Shushtar is a city and capital of Shushtar County, Khuzestan Province, Iran. Shushtar is an ancient fortress city 92 kilometres away from Ahvaz, the centre of the province. Much of its past agricultural productivity derives from the irrigation system which centered on the Band-e Kaisar, the first dam bridge in Iran; the Mayor of Shushtar is Ahmad Asefi. In the Elamite times Shushtar was known as Adamdun. In the Achaemenian times its name was Šurkutir; the modern name, Shushtar, is connected with the name of another ancient city and means "greater than Shush." During the Sassanian era, it was an island city on the Karun river and selected to become the summer capital. The river was channelled to form a moat around the city, while bridges and main gates into Shushtar were built to the east and south. Several rivers nearby are conducive to the extension of agriculture. A system of subterranean channels called Ghanats, which connected the river to the private reservoirs of houses and buildings, supplied water for domestic use and irrigation, as well as to store and supply water during times of war when the main gates were closed.
Traces of these ghanats can still be found in the crypts of some houses. Ibn Battuta visited, noting "On both banks of the river, there are orchards and water-wheels, the river itself is deep and over it, leading to the travelers' gate, there is a bridge upon boats."The ancient fortress walls were destroyed at the end of the Safavid era. The Band-e Kaisar is believed by some to be a Roman built arch bridge, the first in the country to combine it with a dam; when the Sassanian Shah Shapur I defeated the Roman emperor Valerian, he is said to have ordered the captive Roman soldiers to build a large bridge and dam stretching over 500 metres. Lying deep in Persian territory, the structure which exhibits typical Roman building techniques became the most eastern Roman bridge and Roman dam, its dual-purpose design exerted a profound influence on Iranian civil engineering and was instrumental in developing Sassanid water management techniques. The 500 m long overflow dam over the Karun, Iran's most effluent river, was the core structure of the Shushtar Historical Hydraulic System, a large irrigation complex from which Shushtar derived its agricultural productivity, and, designated World Heritage Site by the UNESCO in 2009.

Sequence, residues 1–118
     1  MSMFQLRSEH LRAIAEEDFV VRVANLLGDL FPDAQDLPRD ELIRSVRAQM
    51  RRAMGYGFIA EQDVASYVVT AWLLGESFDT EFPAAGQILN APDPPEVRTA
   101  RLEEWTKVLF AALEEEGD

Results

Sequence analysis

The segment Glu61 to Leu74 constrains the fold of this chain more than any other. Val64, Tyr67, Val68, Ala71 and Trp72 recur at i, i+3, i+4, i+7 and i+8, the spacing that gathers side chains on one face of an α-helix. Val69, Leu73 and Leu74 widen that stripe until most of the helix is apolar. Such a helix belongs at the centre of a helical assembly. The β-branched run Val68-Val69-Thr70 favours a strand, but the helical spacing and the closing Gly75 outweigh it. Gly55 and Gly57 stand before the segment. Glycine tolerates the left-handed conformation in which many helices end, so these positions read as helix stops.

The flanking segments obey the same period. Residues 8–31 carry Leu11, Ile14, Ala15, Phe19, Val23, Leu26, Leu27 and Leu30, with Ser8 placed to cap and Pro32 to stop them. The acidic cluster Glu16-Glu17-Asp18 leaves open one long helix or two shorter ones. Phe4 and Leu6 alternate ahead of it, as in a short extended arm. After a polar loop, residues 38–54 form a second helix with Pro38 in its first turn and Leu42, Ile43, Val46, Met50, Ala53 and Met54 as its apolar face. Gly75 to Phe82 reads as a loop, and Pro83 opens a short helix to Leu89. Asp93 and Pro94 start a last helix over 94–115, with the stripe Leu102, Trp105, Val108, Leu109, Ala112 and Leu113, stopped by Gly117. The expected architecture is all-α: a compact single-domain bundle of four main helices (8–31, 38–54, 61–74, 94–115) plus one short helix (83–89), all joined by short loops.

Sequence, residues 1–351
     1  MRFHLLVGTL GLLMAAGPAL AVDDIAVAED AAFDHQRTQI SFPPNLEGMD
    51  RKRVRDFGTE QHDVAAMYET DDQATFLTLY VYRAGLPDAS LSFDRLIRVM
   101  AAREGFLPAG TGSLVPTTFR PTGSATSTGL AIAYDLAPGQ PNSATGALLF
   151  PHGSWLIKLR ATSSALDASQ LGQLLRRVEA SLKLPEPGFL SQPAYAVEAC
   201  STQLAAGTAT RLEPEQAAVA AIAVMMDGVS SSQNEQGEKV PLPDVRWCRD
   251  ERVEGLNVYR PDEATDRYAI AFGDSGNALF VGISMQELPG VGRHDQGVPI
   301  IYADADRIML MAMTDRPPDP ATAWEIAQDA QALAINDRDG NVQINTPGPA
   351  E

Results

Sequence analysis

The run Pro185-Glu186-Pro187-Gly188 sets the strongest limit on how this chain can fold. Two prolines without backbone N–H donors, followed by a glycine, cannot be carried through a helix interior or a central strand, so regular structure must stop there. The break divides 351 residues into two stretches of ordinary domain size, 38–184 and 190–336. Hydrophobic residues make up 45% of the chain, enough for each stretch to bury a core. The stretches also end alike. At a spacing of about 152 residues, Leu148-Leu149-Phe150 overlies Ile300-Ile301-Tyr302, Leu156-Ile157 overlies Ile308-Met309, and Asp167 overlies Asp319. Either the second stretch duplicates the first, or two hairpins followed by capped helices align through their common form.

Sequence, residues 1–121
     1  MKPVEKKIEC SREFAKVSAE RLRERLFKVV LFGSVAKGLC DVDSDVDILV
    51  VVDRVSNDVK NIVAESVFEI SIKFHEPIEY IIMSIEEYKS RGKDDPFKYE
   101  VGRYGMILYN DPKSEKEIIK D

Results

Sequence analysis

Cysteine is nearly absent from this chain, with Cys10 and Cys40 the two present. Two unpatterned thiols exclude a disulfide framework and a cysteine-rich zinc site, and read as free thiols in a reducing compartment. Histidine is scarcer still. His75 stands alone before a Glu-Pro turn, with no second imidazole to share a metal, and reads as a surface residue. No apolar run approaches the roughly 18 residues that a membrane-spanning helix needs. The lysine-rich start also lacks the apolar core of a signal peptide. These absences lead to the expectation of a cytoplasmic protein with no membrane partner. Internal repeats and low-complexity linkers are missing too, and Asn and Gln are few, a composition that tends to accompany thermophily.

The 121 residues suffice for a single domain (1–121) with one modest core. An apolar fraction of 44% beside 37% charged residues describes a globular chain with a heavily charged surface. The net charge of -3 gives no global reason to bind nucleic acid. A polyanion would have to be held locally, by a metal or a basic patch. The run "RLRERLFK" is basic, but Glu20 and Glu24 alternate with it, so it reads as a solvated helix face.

The arched superstructure carried across the important road between Pasargadae and the Sassanid capital Ctesiphon. Many times repaired in the Islamic period, the dam bridge fell out of use in the late 19th century, leading to the degeneration of the complex system of irrigation; the people of Shushtar, called Shushtaris and arabian, maintain a unique cultural heritage stretching back to ancient times, a Persian dialect distinct to their group. The Shushtari dialect is a dialect of Persian. Shushtar has a hot semi-arid climate with hot summers and mild winters. Rainfall is higher than most of southern Iran, but is exclusively confined to the period from November to April, though on occasions it can exceed 250 millimetres per month or 600 millimetres per year. Sahl al-Tustari, a medieval Islamic scholar and early Sufi mystic born in Shushtar Sheikh Jafar Shooshtari, a prominent Shia scholar Hartung, Fritz. Pre-Islamic Bridges", in Yarshater, Encyclopædia Iranica Online Kleiss, Wolfram, "Brückenkonstruktionen in Iran", Architectura, 13: 105–112 Kramers, J. H. "Shushtar", in Bearman, P. Encyclopaedia of Islam, Brill Online O'Connor, Roman Bridges, Cambridge University Press, p. 130, ISBN 0-521-39326-4 Schnitter, Niklaus, "Römische Talsperren", Antike Welt, 8: 25–32 Smith, Norman, A History of Dams, London: Peter Davies, pp. 56–61, ISBN 0-432-15090-0 Vogel, Alexius, "Die historische Entwicklung der Gewichtsmauer", in Garbrecht, Günther, Historische Talsperren, 1, Stuttgart: Verlag Konrad Wittwer, pp. 47–56, ISBN 3-87919-145-X Visiting Shushtar Photo Essay Hamid-Reza Hosseini, Shush at the foot of Louvre, in Persian, Jadid Online, 10 March 2009.